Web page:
December 2012

Tekscan: Systems for pressure measurement and beyond

By Barbara Boughton

Tekscan, founded in 1987, began as a company that marketed tactile pressure sensors to dentists;. It has since expanded to become a leader in systems that measure pressure distribution for a range of clients, including hospitals and research centers that work with patients diagnosed with health conditions that affect the feet and lower extremities.

The first Tekscan system, called the T-scan, was used by dentists to visualize dynamic occlusal forces in their patients’ mouths, enabling more accurate diagnosis and treatment of dental conditions. Medical biomechanics products now make up about 25% of the company’s sales, which total $20 million yearly, according to Steve Jacobs, company president. Headquartered in Boston, the company has more than 100 employees.

“We manufacture complete systems for virtually any tactile sensile need, and there are new applications for our technology every day,” Jacobs said.

Tekscan has its own internal team for creating electrical and mechanical software for tactile sensors as well as sensor engineers who design the actual products. Used worldwide for applications that range from development of new automobiles to care of the diabetic foot, the company currently holds 14 patents for its products, according to Jacobs.

Clinicians who treat and study the diabetic foot and other foot conditions are a major part of Tekscan’s client base. Their F-scan system can be used for in-shoe analysis and to provide information on bipedal plantar pressure and forces during stance and gait, Jacobs said. Some F-scan products can be used to measure and analyze gait and plantar pressures outside the clinic—for instance, during sports play, he noted.

Tekscan’s pressure sensing foot mats, such as the MatScan, provide plantar pressure and force information during  stance or while standing barefoot or with footwear, Jacobs said.

The HR mat is a high-resolution mat produced by Tekscan that is often used by clinicians or researchers who work with small children, people with physical disabilities, or those with highly deformed feet. “In these cases, you need higher resolution to visualize and analyze stance and gait,” Jacobs said.

Another Tekscan product, an extended floor mat called the Walkway system, can also provide pressure measurements and gait analysis during several steps.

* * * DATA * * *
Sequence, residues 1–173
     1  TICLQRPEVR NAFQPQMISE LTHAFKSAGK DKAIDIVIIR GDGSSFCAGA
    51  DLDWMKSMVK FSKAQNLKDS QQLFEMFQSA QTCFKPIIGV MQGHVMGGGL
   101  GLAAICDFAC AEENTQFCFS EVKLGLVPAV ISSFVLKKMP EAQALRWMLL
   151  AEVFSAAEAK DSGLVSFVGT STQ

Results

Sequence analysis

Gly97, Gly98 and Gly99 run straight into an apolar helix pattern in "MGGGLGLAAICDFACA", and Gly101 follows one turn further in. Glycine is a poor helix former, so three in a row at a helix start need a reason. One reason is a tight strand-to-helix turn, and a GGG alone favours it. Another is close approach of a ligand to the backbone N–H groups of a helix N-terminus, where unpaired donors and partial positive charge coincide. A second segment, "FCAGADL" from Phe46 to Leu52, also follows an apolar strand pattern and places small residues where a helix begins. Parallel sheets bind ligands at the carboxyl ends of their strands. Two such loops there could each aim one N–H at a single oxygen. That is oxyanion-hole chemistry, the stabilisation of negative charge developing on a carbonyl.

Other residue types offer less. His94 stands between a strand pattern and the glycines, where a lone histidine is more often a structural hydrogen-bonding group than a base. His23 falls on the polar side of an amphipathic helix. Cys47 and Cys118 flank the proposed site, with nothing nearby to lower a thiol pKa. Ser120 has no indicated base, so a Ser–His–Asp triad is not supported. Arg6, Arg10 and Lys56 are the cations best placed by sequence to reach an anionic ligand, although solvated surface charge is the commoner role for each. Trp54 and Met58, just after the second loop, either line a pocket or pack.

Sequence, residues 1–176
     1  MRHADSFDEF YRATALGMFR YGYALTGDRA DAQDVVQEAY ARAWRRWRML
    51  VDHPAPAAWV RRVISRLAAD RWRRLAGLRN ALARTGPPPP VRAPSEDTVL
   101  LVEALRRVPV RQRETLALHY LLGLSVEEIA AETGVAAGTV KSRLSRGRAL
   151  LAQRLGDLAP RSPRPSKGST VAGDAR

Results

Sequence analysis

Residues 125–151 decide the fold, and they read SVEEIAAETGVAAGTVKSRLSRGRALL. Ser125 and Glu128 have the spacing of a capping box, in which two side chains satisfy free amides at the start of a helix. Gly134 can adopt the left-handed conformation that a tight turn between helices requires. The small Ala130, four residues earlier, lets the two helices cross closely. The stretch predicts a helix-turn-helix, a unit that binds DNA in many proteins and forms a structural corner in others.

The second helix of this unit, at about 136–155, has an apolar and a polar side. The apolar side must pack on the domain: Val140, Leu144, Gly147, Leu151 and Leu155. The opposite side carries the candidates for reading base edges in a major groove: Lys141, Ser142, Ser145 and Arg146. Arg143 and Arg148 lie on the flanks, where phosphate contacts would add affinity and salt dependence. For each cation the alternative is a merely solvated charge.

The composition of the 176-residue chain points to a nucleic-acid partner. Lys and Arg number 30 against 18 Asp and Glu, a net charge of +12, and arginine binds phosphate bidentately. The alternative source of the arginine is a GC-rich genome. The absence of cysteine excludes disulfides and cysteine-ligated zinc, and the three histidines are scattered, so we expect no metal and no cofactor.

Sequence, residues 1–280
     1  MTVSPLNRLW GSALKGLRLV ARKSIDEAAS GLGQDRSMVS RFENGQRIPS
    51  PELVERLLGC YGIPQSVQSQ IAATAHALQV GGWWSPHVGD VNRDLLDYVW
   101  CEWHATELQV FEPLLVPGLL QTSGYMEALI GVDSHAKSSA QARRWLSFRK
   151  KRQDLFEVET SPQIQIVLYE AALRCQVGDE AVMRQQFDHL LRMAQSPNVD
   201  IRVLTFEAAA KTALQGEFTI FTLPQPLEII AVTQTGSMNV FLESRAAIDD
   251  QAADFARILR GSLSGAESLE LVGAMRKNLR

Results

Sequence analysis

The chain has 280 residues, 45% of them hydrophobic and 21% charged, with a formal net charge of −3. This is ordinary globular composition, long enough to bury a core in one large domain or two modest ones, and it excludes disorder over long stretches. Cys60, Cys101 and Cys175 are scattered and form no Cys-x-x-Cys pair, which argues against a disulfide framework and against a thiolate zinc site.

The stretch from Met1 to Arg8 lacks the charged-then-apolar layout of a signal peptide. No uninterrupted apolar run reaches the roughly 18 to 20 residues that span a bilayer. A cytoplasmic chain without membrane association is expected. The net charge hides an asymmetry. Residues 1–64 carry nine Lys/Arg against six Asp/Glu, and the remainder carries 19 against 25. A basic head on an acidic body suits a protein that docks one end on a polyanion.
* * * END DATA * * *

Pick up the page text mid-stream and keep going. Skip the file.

Tekscan’s most unique sensor is used in their seating system, the CONFORMat. “It’s a fully conforming, non-hammocking pressure-sensing mat that contains over 2,000 individual sensing elements, each of which can move independently in three directions. The advantage of the CONFORMat is that it moves and matches the contours of the patient and cushion,”Jacobs said.

By matching the contours rather than stretching across them, the sensor does not artificially support the body, causing hammocking. Nor does it change the cushion’s true reaction to body pressures, according to Jacobs. Thus, measurements are more accurate.

The CONFORMat is often used by researchers who need exact measurements for seating studies involving subjects (or patients) with limited mobility, Jacobs said.

Tekscan’s products now include “triggering options” that enable customers to synchronize data collection wirelessly with other data collection devices, such as motion capture systems in a biome­chanics laboratory. “The idea is that in a gait lab you can see the data from all these systems at the same time,” Jacobs said.

How do Tekscan’s products benefit clinicians and researchers? The pressure mapping medical systems enable them to actually see inside footwear and prosthetic sockets and under the plantar surface of the foot to more accurately assess and evaluate foot function and gait and treat foot and postural disorders, according to Jacobs. “Clinicians and researchers can then provide the most appropriate treatment or research application to investigate, develop, and prescribe comfort insoles and orthotics and prosthetics,” Jacobs said. The need for physical therapy, rehabilitation, and surgery can also be assessed with Tekscan’s force and pressure measurement systems, Jacobs said.

Tekscan supports colleges and institutions that perform scientific research or train and educate dentists and podiatrists with 10% discounts on its products, according to Jacobs.

The company has also provided pressure mats to the Special Olympics, where these products can help trainers evaluate athletes and advise them on their footwear. “It also helps the coaches or trainers recommend techniques to help the athletes improve their running, jumping, and overall movement,” Jacobs said.

Tekscan has an in-house design, manufacturing, and software development staff in Boston and also provides support and training in the use of its products. The company has an international reach, and sales outside the US now total 50% of the company’s revenues, Jacobs said.

Right now Tekscan is working on new versions of software for the dental T-scan (now in its fourth generation) and F-scan in-shoe analysis system. “We’re always coming up with new sensor designs and improved technology,” Jacobs said.

Barbara Boughton is a freelance health and medical writer based in the San Francisco Bay Area.

Article sponsored by Tekscan.

 

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